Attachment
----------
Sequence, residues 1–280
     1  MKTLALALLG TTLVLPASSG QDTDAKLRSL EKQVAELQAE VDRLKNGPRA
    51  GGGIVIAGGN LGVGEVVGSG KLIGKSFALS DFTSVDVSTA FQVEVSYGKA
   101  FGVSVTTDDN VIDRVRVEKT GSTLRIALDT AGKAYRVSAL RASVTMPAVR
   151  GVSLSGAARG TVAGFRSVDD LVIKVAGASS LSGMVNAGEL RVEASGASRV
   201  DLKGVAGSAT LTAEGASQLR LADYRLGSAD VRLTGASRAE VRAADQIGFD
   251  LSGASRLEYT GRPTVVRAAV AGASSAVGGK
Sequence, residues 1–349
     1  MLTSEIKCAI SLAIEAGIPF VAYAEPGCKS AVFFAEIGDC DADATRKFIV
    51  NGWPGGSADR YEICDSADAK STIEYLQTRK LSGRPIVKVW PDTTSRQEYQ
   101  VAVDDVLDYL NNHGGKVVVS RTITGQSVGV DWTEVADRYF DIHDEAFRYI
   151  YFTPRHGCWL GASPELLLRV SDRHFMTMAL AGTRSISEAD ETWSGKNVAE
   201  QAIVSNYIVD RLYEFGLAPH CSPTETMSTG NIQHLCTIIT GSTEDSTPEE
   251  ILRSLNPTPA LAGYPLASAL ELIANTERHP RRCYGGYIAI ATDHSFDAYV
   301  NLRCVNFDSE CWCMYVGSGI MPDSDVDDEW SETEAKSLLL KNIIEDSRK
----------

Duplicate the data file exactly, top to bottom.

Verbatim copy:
Sequence, residues 1–280
     1  MKTLALALLG TTLVLPASSG QDTDAKLRSL EKQVAELQAE VDRLKNGPRA
    51  GGGIVIAGGN LGVGEVVGSG KLIGKSFALS DFTSVDVSTA FQVEVSYGKA
   101  FGVSVTTDDN VIDRVRVEKT GSTLRIALDT AGKAYRVSAL RASVTMPAVR
   151  GVSLSGAARG TVAGFRSVDD LVIKVAGASS LSGMVNAGEL RVEASGASRV
   201  DLKGVAGSAT LTAEGASQLR LADYRLGSAD VRLTGASRAE VRAADQIGFD
   251  LSGASRLEYT GRPTVVRAAV AGASSAVGGK
Sequence, residues 1–349
     1  MLTSEIKCAI SLAIEAGIPF VAYAEPGCKS AVFFAEIGDC DADATRKFIV
    51  NGWPGGSADR YEICDSADAK STIEYLQTRK LSGRPIVKVW PDTTSRQEYQ
   101  VAVDDVLDYL NNHGGKVVVS RTITGQSVGV DWTEVADRYF DIHDEAFRYI
   151  YFTPRHGCWL GASPELLLRV SDRHFMTMAL AGTRSISEAD ETWSGKNVAE
   201  QAIVSNYIVD RLYEFGLAPH CSPTETMSTG NIQHLCTIIT GSTEDSTPEE
   251  ILRSLNPTPA LAGYPLASAL ELIANTERHP RRCYGGYIAI ATDHSFDAYV
   301  NLRCVNFDSE CWCMYVGSGI MPDSDVDDEW SETEAKSLLL KNIIEDSRK